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 Python 2.7Python 3.2Python 3.3
Windows (32-bit)
2013.1.1Never BuiltWhy not?
2011.2.2 Failed View build log
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0.94.2 Failed View build log
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Windows (64-bit)
2013.1.1Never BuiltWhy not?
2011.2.2 Failed View build log
2011.2.1 Failed View build log
2011.2 Failed View build log
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2011.1 Failed View build log
0.94.2 Failed View build log
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Mac OS X (10.5+)
2013.1.1Never BuiltWhy not?
2011.2.2 Failed View build log
2011.2.1 Failed View build log
2011.2 Failed View build log
2011.1.2 Failed View build log
2011.1 Failed View build log
0.94.2 Failed View build log
0.94.1 Failed View build log
0.94 Failed View build log
0.94rc Failed View build log
Linux (32-bit)
2013.1.1 Failed View build log
2012.1 Failed View build log
2011.2.2 Failed View build log
2011.2.1 Failed View build log
2011.2 Failed View build log
2011.1.2 Failed View build log
2011.1 Failed View build log
0.94.2 Failed View build log
0.94.1 Failed View build log
0.94 Failed View build log
0.94rc Failed View build log
Linux (64-bit)
2013.1.1 Failed View build log
2012.1 Failed View build log
2011.2.2 Failed View build log
2011.2.1 Failed View build log
2011.2 Failed View build log
2011.1.2 Failed View build log
2011.1 Failed View build log
0.94.2 Failed View build log
0.94.1 Failed View build log
0.94 Failed View build log
0.94rc Failed View build log
2013.1.1 Failed View build log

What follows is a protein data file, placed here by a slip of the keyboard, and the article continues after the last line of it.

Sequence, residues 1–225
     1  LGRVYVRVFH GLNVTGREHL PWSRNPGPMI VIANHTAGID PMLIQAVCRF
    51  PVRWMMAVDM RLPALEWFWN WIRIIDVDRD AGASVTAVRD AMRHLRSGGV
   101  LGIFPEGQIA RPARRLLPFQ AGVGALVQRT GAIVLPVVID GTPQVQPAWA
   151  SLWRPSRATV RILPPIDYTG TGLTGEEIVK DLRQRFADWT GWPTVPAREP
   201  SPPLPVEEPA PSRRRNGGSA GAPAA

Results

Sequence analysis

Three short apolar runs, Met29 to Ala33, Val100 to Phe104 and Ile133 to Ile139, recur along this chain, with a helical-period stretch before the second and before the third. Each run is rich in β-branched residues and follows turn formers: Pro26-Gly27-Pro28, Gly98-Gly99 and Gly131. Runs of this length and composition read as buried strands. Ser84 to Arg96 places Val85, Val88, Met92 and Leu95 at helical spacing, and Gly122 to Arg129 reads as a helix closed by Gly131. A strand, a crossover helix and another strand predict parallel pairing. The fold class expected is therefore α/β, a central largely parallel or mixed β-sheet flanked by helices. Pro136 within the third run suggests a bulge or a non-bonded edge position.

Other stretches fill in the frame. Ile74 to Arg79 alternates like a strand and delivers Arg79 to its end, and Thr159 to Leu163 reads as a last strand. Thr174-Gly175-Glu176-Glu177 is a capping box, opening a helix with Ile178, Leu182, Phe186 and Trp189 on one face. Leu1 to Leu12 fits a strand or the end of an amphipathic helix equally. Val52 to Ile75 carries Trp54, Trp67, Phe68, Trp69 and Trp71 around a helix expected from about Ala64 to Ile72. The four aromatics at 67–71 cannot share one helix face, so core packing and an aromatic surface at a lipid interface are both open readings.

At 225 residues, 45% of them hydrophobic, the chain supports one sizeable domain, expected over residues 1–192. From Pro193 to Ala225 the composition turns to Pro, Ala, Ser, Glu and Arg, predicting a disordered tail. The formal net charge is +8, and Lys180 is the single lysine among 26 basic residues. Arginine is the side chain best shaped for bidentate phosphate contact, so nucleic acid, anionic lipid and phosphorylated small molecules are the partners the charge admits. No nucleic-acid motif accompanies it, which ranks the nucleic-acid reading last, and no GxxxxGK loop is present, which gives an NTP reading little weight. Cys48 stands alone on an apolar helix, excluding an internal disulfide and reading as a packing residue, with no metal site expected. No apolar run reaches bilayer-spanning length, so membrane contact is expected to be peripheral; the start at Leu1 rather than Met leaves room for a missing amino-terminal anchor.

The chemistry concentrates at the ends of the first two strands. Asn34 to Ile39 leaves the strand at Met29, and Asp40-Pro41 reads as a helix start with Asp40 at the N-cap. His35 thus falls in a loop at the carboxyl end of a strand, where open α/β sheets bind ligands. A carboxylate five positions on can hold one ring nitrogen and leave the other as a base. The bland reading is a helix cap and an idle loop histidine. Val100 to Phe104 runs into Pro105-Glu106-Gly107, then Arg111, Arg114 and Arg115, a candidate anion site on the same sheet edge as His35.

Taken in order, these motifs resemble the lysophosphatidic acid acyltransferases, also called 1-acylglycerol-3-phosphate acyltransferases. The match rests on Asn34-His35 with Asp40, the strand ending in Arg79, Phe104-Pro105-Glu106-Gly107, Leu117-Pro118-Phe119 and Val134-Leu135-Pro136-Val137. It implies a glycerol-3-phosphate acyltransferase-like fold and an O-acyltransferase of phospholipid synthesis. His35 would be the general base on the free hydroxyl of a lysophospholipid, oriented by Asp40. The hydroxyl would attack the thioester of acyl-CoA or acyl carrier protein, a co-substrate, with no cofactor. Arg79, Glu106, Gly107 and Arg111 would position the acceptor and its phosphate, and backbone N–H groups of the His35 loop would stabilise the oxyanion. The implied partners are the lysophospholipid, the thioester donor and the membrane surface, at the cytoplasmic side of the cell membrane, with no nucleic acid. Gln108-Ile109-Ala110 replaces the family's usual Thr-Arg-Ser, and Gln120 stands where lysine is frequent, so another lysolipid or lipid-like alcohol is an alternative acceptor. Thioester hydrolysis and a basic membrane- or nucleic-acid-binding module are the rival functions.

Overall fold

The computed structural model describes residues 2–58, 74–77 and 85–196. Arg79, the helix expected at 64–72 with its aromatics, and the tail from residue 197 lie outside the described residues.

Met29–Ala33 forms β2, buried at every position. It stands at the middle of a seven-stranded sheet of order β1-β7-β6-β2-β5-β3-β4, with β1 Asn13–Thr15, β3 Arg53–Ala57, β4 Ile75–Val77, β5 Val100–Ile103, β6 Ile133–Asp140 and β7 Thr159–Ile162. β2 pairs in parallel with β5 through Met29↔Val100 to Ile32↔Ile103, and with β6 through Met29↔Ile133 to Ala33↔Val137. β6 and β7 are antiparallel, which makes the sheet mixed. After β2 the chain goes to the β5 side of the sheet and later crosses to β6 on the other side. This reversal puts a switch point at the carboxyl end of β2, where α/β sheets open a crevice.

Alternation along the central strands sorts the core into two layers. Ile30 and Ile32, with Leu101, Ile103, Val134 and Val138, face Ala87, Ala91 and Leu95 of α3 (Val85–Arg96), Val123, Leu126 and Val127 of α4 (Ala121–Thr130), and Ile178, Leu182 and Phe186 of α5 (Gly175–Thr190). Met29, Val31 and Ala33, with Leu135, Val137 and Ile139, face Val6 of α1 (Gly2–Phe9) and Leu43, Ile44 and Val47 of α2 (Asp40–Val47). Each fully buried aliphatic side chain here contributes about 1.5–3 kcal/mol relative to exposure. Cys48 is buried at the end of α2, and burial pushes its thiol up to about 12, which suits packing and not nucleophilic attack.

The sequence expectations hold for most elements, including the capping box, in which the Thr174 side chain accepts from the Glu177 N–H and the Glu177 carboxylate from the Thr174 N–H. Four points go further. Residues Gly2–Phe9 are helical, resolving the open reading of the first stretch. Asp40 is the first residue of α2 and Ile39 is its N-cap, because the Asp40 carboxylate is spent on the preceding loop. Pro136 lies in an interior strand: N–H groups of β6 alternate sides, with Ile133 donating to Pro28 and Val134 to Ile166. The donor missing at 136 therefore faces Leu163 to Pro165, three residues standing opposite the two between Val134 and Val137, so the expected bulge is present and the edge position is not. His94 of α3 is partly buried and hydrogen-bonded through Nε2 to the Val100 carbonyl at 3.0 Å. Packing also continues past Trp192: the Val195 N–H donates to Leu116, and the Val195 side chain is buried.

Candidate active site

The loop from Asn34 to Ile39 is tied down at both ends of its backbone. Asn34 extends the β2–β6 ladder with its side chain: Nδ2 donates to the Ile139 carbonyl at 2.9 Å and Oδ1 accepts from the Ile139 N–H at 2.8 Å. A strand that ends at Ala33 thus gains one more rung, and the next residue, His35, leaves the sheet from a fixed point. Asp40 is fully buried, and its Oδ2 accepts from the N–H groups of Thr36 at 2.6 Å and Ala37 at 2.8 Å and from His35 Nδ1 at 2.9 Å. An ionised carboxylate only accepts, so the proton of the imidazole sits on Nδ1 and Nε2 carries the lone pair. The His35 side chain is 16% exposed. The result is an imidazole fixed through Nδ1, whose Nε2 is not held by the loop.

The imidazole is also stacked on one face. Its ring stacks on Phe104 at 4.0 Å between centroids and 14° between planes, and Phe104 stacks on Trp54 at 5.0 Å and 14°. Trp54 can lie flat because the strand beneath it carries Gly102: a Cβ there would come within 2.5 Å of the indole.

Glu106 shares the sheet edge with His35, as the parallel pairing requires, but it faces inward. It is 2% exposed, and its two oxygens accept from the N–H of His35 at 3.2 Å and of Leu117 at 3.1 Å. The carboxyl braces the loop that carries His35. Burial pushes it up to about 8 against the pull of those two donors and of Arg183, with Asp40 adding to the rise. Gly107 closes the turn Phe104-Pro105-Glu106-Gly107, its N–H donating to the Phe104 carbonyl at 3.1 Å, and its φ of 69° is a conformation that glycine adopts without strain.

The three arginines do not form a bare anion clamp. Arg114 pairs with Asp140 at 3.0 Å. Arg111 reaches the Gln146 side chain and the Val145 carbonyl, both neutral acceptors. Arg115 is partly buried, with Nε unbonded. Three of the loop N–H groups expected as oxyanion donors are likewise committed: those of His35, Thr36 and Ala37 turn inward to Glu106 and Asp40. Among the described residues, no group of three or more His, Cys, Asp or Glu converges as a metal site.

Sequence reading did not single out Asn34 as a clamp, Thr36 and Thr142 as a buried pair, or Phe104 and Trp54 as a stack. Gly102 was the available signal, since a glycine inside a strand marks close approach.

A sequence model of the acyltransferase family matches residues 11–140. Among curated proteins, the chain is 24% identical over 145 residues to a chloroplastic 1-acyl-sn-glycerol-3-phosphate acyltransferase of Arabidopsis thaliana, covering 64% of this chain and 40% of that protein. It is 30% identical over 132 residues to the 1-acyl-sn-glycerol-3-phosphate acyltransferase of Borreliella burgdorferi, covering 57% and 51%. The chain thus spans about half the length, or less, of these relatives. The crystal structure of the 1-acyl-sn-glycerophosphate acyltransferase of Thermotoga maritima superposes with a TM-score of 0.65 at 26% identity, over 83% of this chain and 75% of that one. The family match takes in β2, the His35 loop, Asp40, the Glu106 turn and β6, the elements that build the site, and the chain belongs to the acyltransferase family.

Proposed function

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License
MIT
Depended by
Lastest release
version 2013.1.1 on Jul 13th, 2013

PyCUDA lets you access Nvidia's CUDA parallel computation API from Python. Several wrappers of the CUDA API already exist-so what's so special about PyCUDA?

  • Object cleanup tied to lifetime of objects. This idiom, often called RAII in C++, makes it much easier to write correct, leak- and crash-free code. PyCUDA knows about dependencies, too, so (for example) it won't detach from a context before all memory allocated in it is also freed.
  • Convenience. Abstractions like pycuda.driver.SourceModule and pycuda.gpuarray.GPUArray make CUDA programming even more convenient than with Nvidia's C-based runtime.
  • Completeness. PyCUDA puts the full power of CUDA's driver API at your disposal, if you wish. It also includes code for interoperability with OpenGL.
  • Automatic Error Checking. All CUDA errors are automatically translated into Python exceptions.
  • Speed. PyCUDA's base layer is written in C++, so all the niceties above are virtually free.
  • Helpful Documentation and a Wiki.

Relatedly, like-minded computing goodness for OpenCL is provided by PyCUDA's sister project PyOpenCL.

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Last updated Jul 13th, 2013

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